In Oracle v. Google, a Nerd Subculture Is on Trial
Ed note: The jury ruled in favor of Google. Even so, I found this pre-verdict article’s framing to be interesting.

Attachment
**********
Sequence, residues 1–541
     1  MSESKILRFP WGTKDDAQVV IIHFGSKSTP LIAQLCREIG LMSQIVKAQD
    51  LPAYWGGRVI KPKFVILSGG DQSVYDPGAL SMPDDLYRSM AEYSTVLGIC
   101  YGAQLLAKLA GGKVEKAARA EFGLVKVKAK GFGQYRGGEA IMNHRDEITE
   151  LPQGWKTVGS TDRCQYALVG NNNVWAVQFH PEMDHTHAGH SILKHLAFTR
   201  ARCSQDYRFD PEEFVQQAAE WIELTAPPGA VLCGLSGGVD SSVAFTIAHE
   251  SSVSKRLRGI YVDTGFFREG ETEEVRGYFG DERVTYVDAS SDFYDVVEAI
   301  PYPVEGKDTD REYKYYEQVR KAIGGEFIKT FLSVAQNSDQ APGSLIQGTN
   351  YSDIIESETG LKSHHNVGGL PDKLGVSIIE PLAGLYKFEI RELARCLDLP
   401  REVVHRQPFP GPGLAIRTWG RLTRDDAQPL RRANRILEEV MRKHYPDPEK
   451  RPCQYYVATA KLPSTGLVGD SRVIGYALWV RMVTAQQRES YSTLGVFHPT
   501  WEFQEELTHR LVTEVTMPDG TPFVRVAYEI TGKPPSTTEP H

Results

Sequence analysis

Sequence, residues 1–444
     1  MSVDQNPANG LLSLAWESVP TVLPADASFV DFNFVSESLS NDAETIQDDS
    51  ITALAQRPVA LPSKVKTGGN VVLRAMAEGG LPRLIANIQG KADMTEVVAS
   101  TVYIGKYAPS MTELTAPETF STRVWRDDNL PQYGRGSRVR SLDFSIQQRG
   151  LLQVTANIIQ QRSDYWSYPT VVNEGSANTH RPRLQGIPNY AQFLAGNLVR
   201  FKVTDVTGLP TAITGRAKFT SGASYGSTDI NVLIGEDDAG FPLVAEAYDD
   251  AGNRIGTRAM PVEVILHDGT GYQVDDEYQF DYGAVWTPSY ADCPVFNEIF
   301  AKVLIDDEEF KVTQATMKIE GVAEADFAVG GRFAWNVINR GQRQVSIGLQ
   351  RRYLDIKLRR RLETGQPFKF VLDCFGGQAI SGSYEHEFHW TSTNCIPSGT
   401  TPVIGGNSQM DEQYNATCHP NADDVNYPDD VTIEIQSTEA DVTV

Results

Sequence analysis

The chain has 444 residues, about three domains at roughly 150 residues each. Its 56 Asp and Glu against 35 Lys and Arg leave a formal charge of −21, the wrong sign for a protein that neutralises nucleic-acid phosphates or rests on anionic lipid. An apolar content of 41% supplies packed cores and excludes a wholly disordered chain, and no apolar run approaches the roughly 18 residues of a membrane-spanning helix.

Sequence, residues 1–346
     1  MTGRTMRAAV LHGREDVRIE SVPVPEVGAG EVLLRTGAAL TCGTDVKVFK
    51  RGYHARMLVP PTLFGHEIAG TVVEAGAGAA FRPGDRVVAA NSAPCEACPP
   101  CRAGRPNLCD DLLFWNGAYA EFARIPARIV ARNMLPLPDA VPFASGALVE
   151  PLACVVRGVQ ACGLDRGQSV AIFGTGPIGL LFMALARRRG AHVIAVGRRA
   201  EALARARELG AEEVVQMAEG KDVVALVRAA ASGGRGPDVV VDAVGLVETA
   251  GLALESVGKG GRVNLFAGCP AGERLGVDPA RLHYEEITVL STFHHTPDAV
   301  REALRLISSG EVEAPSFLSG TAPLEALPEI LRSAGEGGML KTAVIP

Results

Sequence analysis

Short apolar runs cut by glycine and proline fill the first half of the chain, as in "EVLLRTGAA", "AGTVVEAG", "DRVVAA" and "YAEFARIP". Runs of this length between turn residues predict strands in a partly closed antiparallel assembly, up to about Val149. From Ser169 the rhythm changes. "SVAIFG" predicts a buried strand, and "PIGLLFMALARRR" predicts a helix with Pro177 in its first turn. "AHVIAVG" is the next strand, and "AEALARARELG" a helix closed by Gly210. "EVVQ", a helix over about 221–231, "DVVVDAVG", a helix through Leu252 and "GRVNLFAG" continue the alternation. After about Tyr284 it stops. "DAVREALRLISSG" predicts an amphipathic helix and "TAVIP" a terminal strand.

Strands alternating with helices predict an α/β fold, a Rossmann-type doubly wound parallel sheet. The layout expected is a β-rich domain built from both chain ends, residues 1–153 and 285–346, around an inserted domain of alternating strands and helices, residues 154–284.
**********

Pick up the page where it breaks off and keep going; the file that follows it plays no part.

But ever since a bunch of normals at the Federal Circuit decided in 2014 that the structure, sequence, and organization of the Java APIs are copyrightable, copyrightable they are—and now Google witnesses are struggling to explain their actions as part of a long shared history in an insular community of nerds with their own language, their own mythology, their own intuitions about software and intellectual property.Oracle v. Google is the revenge of the normals, bringing a hammer down on the customs and practices that the nerds decided for themselves. After all, something can’t be copyrightable just because all the nerds agree it is; so why should something be unable to be copyrighted just because the nerds think it is?But Oracle v. Google does nothing to disabuse the nerd of the conviction that they are right, and that the copyright law forged by the normals is an unrigorous wishy-washy piece of nonsense. Because in this case, the law really is completely out of touch with what the technology actually is, with reality itself. Just look at the Federal Circuit opinion that ruled that APIs are copyrightable, where they say, “Google was free to develop its own API packages and to ‘lobby’ programmers to adopt them.” A federal appeals court actually proposed that in some alternate universe, Android launched and told developers to write apps in a language they’d never encountered before.